Molecular Biology

Pharyngula

Category archives for Molecular Biology

The ENCODE delusion

I can take it no more. I wanted to dig deeper into the good stuff done by the ENCODE consortium, and have been working my way through some of the papers (not an easy thing, either: I have a very high workload this term), but then I saw this declaration from the Electronic Frontier Foundation.…

The NY Times is touting a computer simulation of Mycoplasma genitalium, the proud possesor of the simplest known genome. It’s a rather weird article because of the combination of hype, peculiar emphases, and cluelessness about what a simulation entails, and it bugged me. It is not a complete simulation — I don’t even know what…

Vertebrates are modified segmented worms; that is, their body plan is made up of sequentially repeated units, most apparent in skeletal structures like the vertebrae. Arthropods are also modified segmented worms. Look at a larval fly, for instance, and you can see they are made up of rings stacked together. So here’s a simple and…

A while back, I told you all about this small piece of the biochemistry of the fly eye — the pathways that make the brown and red pigments that color the eye. I left it with a question: if even my abbreviated summary revealed considerable complexity, how could this pathway evolve? Changing anything produces a…

I’ve been guilty of teaching bean-bag genetics this semester. Bean-bag genetics treats individuals as a bag of irrelevant shape containing a collection of alleles (the “beans”) that are sorted and disseminated by the rules of Mendel, and at its worst, assigns one trait to one allele; it’s highly unrealistic. In my defense, it was necessary…

Techniques to go with the tools

So you read that cool summary of how to build a molecular biology lab for $500. But wait, you don’t know what you’d do with the mobio toys! Here’s how to correct that: go to a workshop. THE MICHAEL SMITH LABS AND ADVANCED MOLECULAR BIOLOGY LAB PRESENTS OUR MOLECULAR BIOLOGY WORKSHOPS 2012 WINTER/SPRING Session. ONE…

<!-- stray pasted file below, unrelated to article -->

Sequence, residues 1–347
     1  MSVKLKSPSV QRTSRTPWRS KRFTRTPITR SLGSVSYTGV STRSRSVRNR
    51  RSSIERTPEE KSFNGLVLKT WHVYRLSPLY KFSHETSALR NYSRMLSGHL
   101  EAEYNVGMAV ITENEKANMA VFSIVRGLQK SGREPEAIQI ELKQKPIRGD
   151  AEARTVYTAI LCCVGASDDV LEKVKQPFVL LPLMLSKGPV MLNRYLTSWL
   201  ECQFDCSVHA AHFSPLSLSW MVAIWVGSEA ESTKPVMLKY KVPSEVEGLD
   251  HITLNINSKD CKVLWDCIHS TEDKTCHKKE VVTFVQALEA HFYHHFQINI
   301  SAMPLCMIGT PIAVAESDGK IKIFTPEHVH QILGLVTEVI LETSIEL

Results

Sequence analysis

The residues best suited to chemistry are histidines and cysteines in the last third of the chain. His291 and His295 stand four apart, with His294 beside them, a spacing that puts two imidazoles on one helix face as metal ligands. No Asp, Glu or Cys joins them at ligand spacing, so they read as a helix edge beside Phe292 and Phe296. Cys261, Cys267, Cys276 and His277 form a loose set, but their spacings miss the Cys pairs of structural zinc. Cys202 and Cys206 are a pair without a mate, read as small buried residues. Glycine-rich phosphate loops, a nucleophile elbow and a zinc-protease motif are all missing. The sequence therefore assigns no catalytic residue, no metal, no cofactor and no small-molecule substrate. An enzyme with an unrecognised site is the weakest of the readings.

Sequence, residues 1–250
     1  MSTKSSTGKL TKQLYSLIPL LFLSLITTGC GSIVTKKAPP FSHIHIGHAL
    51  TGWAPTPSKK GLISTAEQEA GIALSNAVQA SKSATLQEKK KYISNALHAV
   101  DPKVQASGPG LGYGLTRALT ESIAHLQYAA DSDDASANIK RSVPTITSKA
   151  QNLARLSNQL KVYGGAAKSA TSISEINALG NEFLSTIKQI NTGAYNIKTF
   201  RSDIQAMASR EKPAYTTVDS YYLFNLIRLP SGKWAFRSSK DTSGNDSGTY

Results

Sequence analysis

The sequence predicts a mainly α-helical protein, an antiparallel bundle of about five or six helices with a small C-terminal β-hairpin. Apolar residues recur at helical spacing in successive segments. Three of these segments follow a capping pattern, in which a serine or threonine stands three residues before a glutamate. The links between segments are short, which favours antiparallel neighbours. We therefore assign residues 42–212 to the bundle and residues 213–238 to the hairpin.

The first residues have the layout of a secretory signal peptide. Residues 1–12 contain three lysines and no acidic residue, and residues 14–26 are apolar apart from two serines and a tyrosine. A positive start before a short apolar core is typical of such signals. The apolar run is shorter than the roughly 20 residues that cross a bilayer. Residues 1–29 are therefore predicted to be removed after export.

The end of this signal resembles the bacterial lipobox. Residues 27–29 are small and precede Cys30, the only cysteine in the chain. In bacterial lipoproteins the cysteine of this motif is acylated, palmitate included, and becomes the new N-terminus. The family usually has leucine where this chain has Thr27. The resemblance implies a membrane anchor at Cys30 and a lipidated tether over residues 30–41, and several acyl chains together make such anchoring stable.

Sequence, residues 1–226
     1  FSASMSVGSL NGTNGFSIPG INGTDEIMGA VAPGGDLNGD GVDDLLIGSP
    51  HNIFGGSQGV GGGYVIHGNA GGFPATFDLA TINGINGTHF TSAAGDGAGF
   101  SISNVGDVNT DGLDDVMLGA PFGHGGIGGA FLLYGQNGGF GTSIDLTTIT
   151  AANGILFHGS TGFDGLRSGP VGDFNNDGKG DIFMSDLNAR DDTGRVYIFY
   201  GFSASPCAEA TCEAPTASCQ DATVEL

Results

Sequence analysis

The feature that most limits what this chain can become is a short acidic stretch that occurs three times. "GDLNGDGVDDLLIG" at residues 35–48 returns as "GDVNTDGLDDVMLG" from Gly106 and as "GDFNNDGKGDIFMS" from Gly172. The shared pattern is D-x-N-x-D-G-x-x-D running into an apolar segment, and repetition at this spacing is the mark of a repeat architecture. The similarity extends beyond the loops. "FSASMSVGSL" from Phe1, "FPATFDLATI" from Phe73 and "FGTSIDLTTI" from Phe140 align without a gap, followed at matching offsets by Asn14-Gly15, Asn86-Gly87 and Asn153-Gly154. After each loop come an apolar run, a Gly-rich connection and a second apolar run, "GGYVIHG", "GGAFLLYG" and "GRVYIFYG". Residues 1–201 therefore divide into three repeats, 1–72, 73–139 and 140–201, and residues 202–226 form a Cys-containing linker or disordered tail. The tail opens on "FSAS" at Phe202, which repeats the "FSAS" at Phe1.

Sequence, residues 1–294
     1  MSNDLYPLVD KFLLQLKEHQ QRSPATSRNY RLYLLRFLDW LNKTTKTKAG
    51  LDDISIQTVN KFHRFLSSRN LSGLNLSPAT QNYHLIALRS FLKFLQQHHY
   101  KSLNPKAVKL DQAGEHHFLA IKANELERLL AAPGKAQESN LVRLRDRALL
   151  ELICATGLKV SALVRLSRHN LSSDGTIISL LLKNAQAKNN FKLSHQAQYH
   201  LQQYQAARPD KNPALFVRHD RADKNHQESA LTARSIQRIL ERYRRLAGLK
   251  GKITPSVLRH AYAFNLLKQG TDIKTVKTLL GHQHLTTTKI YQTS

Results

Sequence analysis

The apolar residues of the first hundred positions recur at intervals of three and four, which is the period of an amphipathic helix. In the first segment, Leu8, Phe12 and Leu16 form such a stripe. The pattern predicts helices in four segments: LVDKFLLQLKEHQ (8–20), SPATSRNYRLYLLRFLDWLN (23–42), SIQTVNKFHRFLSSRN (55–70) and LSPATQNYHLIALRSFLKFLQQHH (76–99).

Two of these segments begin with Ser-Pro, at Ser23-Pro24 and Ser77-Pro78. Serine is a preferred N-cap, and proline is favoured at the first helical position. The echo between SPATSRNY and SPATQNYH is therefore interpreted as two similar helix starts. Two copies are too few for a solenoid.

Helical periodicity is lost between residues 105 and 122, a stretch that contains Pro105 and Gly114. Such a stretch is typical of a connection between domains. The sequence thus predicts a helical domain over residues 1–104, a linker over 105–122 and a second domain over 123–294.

Mad scientists, start drooling

The future is arriving fast. Here are the instructions for assembling a $500 home molecular biology laboratory — you can do it! And it’s getting cheaper all the time! The widespread and increasing availability of second-hand professional laboratory equipment or inexpensive new commercial surrogates means that it is now unchallenging to set up a fully…

My turn at Skepticon

Yeah, I gave a talk at Skepticon like several other rascals here at Freethoughtblogs. Now, even if you didn’t make the pilgrimage to Springfield, Missouri, you can watch it too. It’s a straight science talk with several swipes at creationism, so unfortunately, I don’t think it will make any ice cream salesmen cry. (Also on…

This is an article about cephalopods and eye evolution, but I have to confess at the beginning that the paper it describes isn’t all that interesting. I don’t want you to have excessive expectations! I wanted to say a few words about it, though, because it addresses a basic question I get all the time,…

How to examine the evolution of proteins

In my previous post, I described the misguided approach Gauger and Axe have taken to criticizing evolution, and one of the peculiarities of their criticism is that they cited another paper by a paper by Carroll, Ortlund, and Thornton which traced (successfully) the evolutionary history of a class of proteins. Big mistake. As I pointed…